All at once about 30 percent of the customer base in schools, restaurants, colleges and offices was lost through coronavirus shutdowns. On the flip side, more milk had to be produced for retail sales.
“A lot of milk in the United States had to be dumped,’’ he said, “because you can’t extend the shelf life to get it packaged. We had a real tough two or three weeks but not as bad as many.’’
Milk runs are done every day bringing six tractor trailer loads of milk to the Co-op. The source of the milk - cows - had no clue about a pandemic causing a downfall in the use of dairy products.
Tanner rented extra refrigerated trailers to add to the storage capacity and that allowed enough roll-over time to eliminate some of the back-up. “It took us about three weeks to be able to move milk,’’ he said. “The retail business picked up. Then the price dropped.’’
Inside the Co-Op is a small store selling locally made dairy products. Although it closed for five weeks until regulations lifted to allow the public to shop, Tanner said it accounts for less than 1 percent of the Co-op’s business.
As New York has reopened under its Phases program, some businesses have returned to acquiring milk and its products. A new source of distribution comes as school districts and food pantries do free give-aways of milk and other dairy products.
While helping people with their grocery bill the give-aways keep milk prices low. “We survived the pandemic and I tell our farmers the milk price will come back in the next couple of months,’’ Tanner said.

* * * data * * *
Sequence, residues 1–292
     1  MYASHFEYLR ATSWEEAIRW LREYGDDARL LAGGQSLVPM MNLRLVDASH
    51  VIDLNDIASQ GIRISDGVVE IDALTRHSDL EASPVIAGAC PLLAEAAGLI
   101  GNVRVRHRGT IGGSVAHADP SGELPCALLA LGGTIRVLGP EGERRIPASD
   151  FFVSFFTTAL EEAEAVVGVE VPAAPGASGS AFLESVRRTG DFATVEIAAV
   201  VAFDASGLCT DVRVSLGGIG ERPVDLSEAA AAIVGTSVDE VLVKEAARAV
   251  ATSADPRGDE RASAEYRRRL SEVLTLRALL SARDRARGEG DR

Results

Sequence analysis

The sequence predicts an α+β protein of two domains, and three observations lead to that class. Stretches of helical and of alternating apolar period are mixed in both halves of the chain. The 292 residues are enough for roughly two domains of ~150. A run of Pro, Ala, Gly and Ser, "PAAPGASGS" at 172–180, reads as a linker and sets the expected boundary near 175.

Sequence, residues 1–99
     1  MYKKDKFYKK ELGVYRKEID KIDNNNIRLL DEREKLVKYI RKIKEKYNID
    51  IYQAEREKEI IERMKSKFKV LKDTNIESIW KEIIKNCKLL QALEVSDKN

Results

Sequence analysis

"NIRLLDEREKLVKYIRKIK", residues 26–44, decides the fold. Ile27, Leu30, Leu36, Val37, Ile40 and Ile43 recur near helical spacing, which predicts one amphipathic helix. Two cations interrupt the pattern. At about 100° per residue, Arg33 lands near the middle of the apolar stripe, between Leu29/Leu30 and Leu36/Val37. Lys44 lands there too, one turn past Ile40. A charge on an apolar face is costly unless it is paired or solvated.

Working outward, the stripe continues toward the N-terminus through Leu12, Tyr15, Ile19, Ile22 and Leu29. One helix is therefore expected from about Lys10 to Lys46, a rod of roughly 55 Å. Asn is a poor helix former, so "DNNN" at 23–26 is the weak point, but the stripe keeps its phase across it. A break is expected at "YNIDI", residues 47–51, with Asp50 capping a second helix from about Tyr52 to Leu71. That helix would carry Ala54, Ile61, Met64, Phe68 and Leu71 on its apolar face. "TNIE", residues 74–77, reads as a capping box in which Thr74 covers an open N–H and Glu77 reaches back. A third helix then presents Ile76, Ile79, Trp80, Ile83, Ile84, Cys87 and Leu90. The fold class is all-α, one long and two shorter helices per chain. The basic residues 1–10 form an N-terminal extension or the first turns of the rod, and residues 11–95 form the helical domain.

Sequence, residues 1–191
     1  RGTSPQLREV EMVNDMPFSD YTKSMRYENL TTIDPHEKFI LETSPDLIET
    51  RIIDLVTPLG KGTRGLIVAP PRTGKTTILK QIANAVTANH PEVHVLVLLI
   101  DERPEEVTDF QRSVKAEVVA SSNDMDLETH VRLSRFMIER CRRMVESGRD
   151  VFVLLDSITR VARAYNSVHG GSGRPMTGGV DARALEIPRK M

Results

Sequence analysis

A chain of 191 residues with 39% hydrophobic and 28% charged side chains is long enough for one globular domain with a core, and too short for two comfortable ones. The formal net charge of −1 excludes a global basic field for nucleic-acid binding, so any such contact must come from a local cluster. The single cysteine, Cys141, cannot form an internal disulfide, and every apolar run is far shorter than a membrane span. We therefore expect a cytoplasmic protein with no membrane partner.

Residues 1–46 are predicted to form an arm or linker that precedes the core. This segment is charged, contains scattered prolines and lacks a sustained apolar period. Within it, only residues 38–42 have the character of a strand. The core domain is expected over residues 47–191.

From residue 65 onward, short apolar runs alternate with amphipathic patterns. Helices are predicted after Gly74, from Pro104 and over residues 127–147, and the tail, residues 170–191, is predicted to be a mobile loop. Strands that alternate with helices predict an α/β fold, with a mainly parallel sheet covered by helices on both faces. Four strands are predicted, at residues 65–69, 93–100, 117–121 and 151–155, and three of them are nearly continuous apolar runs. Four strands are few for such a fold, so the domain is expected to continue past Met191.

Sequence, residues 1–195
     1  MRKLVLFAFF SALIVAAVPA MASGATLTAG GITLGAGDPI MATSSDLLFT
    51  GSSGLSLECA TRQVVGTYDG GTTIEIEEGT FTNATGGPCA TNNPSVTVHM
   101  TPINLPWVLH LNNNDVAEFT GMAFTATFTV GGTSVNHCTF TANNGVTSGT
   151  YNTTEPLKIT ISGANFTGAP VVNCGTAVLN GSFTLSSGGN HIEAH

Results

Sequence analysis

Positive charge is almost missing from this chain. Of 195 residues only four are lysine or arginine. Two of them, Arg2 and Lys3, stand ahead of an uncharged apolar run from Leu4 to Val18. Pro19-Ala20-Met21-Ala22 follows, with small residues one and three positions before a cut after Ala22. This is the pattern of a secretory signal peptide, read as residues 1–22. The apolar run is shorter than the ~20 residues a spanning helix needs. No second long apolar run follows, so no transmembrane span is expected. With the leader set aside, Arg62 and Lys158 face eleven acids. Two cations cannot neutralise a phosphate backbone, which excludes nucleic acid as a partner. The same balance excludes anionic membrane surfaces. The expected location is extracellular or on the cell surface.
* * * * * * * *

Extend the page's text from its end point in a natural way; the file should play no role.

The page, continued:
At the Co-op nine full-time people run the operations, with a couple of part-time employees. Right before the crisis hit, Tanner came back to work after a hip replacement.
He had given notice that he planned to retire by the summer and the Board of Directors had identified a possible candidate who would train with Tanner before he left. “That all got put on hold,’’ Tanner said. “Not the best time for someone to step in and be new.’’
With the new Covid-19 regulations in place and milk flowing from farm to Hood 100 percent again, Tanner has returned to those plans.
The Board will start interviewing again for someone to take over as manager, but not to fully replace Tanner. “I’m a hands-on guy, like to do it all, I guess,’’ he said by way of explaining why the Board decided some of his duties could be shared among some current employees as well as the new manager.
While he and wife Terry live on the Route 20 former farm run by Terry’s parents, Howard and June Richmond, Tanner’s retirement plans lean toward more golf, more time with the grandkids than raising cows. More time on his boat at their place on Lake Moraine.
“I’ve been busy every day of my life practically so I don’t expect that I’ll just sit around,’’ he said. “When I started here I never thought I’d be retiring during a pandemic. But one thing I’ve learned is cows don’t care what is going on. They provide the milk on schedule no matter what.’’